Kansha – Everyday I take some time, some would call it to pray, but to reflect on the things that I’ve been fortunate with today and that I’ve been blessed with and what I want to achieve on the following day.
Egao – Smiling. Once again, it’s not so much forcing yourself to smile for other people, it’s for yourself because the very physical act of smiling makes you happier, it can break a mood.

Fukuoka Now understands you’re also involved with a wine business?
Yes. A guy I’ve met through working with Peppy Kids, Tim Beck, is a fully qualified wine maker – his family is in the wine business in Australia – and he started telling me about wine. I sort of started getting more confident about wine from what he was telling me and I thought “I really want to share this information with other people”, because wine is such an adventure, and from wine you get to have an appreciation of so much more than just wine. You get an appreciation for quality because with wine you’re always searching for quality and the relationship between quality and price.
We set up an organization called “Just Drink Wine” in 2007. What we’re aiming to do is enlighten people about wine and open up wine to a whole new group of consumers. People don’t have the confidence to make their own judgments about wine, and so in order to do that, you need to have a very basic, limited understanding – know a little about the grape types, about the regions and how that effects the grape types, a little about the aging process and how that will effect the quality of the wine, how price effects the wine. Just a little bit of knowledge will help you go out and do the most important thing, which is to go out and experience wine for yourself. We want people to have the confidence to find their own taste and enjoy wine because if people enjoy it they’re going to buy more of it. Our bases are of course Tim’s knowledge of wine, both of our knowledge about teaching (like now we ‘re not teaching directly, we’re teaching people how to teach, so in order to teach people how to teach you have to understand how people learn) and my background now in media.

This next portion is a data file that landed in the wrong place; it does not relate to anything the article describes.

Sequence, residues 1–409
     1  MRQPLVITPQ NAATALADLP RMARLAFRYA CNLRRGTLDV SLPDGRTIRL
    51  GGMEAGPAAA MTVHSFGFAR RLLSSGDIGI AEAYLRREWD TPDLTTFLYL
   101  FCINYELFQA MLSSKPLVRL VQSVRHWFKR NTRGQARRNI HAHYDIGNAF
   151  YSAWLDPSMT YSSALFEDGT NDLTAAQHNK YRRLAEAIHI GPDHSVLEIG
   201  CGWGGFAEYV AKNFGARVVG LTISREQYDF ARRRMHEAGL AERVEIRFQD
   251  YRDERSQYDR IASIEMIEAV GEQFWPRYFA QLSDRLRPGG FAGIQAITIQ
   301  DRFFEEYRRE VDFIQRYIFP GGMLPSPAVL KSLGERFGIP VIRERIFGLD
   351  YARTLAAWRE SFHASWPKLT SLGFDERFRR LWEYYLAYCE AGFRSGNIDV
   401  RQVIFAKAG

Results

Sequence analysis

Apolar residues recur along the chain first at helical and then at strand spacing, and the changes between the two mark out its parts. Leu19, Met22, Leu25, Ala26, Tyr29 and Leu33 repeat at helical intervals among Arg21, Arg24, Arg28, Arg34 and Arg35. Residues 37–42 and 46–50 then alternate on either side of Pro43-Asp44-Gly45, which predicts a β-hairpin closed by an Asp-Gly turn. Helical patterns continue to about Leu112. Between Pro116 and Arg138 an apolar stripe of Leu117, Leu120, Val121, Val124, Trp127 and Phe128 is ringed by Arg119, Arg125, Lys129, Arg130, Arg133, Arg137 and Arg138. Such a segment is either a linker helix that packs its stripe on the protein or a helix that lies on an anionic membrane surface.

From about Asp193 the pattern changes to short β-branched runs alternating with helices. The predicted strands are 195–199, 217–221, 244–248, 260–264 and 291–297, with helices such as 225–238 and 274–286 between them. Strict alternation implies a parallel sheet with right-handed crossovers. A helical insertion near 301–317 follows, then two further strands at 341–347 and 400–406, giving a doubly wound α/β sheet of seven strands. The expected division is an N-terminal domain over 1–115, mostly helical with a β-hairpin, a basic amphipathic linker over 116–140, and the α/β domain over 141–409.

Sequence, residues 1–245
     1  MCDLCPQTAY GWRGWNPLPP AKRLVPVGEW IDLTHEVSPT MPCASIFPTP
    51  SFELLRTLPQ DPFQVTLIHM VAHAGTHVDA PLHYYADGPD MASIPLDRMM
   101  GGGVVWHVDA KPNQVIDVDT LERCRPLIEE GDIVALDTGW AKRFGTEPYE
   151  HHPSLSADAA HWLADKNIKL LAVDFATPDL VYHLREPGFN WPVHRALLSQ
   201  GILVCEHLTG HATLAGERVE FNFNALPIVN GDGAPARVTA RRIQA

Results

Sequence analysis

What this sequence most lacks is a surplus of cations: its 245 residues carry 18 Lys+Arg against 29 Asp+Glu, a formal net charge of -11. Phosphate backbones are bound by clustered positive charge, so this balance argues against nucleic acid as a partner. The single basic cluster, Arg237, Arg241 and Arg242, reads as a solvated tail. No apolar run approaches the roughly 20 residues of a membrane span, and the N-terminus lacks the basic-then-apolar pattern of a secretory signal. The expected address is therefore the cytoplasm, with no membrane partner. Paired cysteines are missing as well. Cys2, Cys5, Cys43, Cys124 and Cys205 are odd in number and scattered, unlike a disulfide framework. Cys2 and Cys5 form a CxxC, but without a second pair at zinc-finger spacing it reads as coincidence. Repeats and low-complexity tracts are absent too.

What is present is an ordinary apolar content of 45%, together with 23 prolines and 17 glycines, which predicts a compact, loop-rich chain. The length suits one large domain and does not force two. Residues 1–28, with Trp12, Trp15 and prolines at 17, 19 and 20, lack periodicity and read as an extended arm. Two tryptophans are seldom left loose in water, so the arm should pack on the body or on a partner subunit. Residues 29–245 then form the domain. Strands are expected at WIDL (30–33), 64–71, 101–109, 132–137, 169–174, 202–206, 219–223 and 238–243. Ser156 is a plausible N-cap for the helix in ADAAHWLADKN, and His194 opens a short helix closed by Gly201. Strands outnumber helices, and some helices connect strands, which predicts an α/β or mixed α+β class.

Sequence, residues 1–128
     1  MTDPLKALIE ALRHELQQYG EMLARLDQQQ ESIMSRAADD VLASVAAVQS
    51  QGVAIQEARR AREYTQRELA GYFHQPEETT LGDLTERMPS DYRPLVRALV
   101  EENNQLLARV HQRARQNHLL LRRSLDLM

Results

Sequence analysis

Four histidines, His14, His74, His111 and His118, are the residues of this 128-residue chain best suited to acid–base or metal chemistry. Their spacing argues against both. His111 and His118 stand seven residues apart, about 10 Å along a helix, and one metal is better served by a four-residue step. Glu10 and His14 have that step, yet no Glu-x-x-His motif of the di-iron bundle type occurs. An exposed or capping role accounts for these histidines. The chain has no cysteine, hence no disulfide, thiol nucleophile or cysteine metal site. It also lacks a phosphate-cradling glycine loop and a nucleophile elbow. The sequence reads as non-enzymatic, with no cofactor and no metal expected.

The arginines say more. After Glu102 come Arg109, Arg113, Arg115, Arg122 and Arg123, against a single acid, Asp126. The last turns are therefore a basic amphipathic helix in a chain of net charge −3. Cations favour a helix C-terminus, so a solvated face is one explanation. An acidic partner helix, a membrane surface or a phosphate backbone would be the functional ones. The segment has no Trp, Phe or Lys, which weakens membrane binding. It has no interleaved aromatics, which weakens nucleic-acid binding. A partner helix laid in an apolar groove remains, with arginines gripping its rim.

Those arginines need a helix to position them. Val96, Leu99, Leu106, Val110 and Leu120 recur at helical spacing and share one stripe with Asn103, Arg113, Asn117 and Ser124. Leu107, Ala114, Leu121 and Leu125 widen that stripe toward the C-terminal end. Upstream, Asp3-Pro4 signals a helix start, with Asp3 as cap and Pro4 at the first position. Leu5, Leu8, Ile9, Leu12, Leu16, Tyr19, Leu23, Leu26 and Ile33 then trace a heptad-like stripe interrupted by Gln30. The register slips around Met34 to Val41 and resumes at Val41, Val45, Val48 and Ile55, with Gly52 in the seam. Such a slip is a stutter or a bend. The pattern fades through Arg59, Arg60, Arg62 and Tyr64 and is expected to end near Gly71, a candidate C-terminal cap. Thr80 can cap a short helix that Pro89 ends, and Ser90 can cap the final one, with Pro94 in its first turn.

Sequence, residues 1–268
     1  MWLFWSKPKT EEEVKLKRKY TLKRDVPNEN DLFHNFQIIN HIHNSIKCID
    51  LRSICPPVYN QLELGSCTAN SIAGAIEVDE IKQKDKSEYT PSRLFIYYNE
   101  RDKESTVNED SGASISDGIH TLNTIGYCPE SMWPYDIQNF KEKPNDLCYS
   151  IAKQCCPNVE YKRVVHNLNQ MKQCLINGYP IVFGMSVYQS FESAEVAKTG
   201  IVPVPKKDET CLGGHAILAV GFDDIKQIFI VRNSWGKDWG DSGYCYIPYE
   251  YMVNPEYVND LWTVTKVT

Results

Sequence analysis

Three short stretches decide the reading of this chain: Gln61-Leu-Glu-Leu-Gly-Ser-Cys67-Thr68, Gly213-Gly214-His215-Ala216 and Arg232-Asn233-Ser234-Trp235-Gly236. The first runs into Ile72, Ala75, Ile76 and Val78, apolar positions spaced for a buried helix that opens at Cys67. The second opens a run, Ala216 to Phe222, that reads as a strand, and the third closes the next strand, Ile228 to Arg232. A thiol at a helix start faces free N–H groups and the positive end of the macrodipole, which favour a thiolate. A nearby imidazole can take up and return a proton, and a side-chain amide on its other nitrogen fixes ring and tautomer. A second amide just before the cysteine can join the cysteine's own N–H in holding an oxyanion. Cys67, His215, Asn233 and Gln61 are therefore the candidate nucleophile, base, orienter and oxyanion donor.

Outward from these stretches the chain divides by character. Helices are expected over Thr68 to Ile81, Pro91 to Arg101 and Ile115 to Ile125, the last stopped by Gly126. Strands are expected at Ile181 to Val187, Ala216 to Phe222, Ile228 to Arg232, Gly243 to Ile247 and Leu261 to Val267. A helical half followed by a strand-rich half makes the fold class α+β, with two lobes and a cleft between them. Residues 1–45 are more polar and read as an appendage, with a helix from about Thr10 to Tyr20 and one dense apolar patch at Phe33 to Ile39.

Tell me about your work as a gourmet reporter.
I do gourmet reporting for KAB, Kumamoto Asahi Broadcasting, on a Saturday morning magazine program. They’ve been so good with me about tutoring me about how to express myself, how to appreciate tastes. I’ve got to understand just how amazing the areas of Fukuoka, Kumamoto, Kyushu are for wonderful, quality produce. We go to farms, we go pretty much anywhere to find the highest quality foods – we’ll go fishing on boats, we’ll climb mountains, we’ll do all sorts. We have a truly unique opportunity living here in Kyushu with the amazing quality of air, phenomenal water, which has an impact on the quality of the produce. It’s such a truly wonderful place to live if you’re interested in food.

The show is called “Satabura”. It starts at 10 am on a Saturday, its about an hour long. They have different reporters every week so I come on once a month and do my corner. I’d love to do more gourmet reporting , if anyone’s interested here in Fukuoka please let me know!